It’s week two of the internship and I’m having a blast teaching the kids and seeing them enjoy their learning. On the flip-side, I’ve also just had one of those days where I visualise myself ripping out my hair, internalising my frustration and asking myself – WHY DON’T THEY UNDERSTAND WHAT I’M TEACHING?! I keep telling myself to just take that step back and refocus on the aim of this whole teaching thing – it’s all about the students. Student focused. Student centred learning. If they don’t understand something, I should try to approach the question in another way – listen to the student voice and NOT the teacher voice.
Following on with my original proposal about improving student questioning, my project so far:
“Does providing explicit quality criteria to structure questioning lead to increased student inquiry and quality of understanding in a combined Year 5/6 classroom?”
Intervention: Provision of explicit quality criteria in the form of a defined rubric, which will be scaffolded with the student group using a variety of methods.
Outcomes: Increased student inquiry and quality of understanding.
Cohort: Combined Year 5/6 classroom (88 students)
I’ve found a number of ideas which I will be implementing over the next few weeks once my proposal is approved.
1. Driving Question Tubric (Buck Institute for Education 2011) BIE.org
This method that focuses specifically on developing driving questions for Project Based Learning tasks, involves breaking down a question into four component parts through framing initial words, identifying the person or entity that will take action in solving or answering the question, the action that the question prompts the person to do and the audience of the final solution. I feel this is a good hands way to get students to visualise their thought process when strategising about their questioning structure. However, this method provides little feedback in terms of the purpose of the questioning and whether their questions are appropriate for what they are inquiring about.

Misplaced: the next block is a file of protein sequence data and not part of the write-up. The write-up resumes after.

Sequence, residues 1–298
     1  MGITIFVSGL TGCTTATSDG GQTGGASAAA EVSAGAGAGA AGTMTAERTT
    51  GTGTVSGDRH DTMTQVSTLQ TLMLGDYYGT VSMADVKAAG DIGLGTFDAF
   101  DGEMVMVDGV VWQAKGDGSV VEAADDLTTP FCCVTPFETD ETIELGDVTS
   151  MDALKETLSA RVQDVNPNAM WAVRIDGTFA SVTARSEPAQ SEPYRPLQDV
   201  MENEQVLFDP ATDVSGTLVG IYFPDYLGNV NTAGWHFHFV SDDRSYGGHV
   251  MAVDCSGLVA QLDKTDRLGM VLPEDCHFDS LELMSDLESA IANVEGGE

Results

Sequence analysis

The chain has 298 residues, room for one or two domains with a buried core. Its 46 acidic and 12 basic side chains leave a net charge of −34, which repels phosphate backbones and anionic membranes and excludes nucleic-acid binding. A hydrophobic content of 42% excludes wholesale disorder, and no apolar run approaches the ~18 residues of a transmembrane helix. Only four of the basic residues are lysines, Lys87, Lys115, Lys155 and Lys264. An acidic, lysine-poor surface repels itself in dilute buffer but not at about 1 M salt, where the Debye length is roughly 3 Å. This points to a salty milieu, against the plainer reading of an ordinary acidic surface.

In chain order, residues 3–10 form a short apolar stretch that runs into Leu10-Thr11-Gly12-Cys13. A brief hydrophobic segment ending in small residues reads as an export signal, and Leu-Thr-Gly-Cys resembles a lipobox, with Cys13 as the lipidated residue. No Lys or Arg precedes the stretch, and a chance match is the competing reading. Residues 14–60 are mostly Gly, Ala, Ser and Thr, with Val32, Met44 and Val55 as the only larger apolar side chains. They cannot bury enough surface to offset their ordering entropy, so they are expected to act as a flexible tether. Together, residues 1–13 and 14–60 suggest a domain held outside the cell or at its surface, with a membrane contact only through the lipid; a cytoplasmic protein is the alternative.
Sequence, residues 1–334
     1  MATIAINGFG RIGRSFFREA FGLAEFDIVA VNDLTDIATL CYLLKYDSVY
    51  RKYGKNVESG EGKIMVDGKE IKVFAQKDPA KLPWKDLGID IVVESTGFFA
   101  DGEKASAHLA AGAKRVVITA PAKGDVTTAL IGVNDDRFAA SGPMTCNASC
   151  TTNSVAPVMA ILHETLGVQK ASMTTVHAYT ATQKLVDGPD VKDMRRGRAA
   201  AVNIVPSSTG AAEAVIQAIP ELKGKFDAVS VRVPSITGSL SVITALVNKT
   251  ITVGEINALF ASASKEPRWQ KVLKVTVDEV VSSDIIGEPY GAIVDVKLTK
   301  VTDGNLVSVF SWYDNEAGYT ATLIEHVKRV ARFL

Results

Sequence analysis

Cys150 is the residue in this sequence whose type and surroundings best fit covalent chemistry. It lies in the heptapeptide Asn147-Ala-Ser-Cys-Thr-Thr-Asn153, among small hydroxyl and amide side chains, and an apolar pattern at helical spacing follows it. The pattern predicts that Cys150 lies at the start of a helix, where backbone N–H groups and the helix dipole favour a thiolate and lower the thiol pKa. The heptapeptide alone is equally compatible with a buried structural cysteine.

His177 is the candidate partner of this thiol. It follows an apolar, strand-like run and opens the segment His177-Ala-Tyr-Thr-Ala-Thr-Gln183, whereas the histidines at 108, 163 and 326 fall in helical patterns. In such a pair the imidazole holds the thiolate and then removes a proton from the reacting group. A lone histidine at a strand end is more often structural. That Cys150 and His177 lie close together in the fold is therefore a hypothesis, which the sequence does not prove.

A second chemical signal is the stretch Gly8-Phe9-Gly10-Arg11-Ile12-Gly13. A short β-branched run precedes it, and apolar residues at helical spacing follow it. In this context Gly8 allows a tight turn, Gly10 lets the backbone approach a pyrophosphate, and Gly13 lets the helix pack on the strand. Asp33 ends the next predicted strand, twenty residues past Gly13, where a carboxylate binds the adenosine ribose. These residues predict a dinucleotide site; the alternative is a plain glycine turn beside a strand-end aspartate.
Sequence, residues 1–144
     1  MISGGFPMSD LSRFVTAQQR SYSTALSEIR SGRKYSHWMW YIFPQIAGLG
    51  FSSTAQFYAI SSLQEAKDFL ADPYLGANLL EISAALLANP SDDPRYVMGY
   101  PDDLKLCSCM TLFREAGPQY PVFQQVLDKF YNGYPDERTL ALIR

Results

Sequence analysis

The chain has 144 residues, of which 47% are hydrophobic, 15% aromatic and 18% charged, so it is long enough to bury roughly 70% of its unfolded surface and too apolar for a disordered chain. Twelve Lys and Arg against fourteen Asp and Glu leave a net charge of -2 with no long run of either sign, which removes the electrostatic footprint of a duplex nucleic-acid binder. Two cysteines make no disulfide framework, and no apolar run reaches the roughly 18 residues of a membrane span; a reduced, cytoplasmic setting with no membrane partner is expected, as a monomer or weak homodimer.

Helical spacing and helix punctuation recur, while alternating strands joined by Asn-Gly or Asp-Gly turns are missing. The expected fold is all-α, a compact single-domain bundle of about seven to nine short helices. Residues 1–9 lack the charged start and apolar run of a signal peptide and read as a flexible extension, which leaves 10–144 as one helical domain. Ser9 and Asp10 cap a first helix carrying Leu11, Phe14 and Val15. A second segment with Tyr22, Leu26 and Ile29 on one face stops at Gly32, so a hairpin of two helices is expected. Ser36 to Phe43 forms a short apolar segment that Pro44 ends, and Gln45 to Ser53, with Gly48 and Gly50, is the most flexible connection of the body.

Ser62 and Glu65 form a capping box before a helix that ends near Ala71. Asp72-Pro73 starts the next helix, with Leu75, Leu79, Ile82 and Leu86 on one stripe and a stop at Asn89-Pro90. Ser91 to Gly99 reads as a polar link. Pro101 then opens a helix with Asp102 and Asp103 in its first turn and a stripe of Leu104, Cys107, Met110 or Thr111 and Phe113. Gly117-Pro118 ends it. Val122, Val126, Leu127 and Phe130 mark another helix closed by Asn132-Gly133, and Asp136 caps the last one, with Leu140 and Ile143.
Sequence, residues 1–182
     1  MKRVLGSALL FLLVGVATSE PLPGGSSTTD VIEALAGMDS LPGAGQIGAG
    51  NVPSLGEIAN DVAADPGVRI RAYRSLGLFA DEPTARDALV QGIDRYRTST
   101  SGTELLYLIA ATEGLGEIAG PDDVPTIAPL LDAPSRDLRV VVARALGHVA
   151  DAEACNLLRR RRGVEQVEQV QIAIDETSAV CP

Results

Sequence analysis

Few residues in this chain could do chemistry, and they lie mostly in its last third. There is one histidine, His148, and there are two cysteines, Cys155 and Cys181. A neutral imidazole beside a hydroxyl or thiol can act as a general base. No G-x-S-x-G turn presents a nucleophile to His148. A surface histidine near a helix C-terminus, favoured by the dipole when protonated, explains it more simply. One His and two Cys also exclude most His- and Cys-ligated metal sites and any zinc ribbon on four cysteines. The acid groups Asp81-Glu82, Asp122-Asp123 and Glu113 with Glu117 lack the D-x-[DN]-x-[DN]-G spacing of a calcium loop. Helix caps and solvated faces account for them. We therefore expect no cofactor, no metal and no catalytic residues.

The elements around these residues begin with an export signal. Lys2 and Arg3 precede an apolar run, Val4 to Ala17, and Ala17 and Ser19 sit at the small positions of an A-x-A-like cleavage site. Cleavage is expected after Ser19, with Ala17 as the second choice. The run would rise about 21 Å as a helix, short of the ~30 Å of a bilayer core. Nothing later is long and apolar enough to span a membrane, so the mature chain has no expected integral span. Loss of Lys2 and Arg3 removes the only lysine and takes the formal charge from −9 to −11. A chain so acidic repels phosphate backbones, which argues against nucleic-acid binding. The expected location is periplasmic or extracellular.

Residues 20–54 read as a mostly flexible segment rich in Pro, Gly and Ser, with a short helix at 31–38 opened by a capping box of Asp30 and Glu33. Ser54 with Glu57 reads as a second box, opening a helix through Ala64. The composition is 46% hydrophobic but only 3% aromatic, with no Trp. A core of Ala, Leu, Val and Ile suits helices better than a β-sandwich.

2. The Question Formulation Technique (Rothstein & Santana 2011) Harvard Education Letter
Using this framework for formulating questions, students will be prompted to produce their own questions based on topic or focus, analyse their own questions to determine how to improve them, prioritise their questions based on the appropriateness in relation to the topic/focus and reflect on their learning in questioning strategy. This technique complements my research question quite well as it can easily fit in with the question rubric and the scaffolding of appropriate questioning structure to the students.
Now to come up with a quality question structure rubric with the students!
Hopefully one day I can say “There’s no such thing as a stupid question!” and honestly mean it (jokes).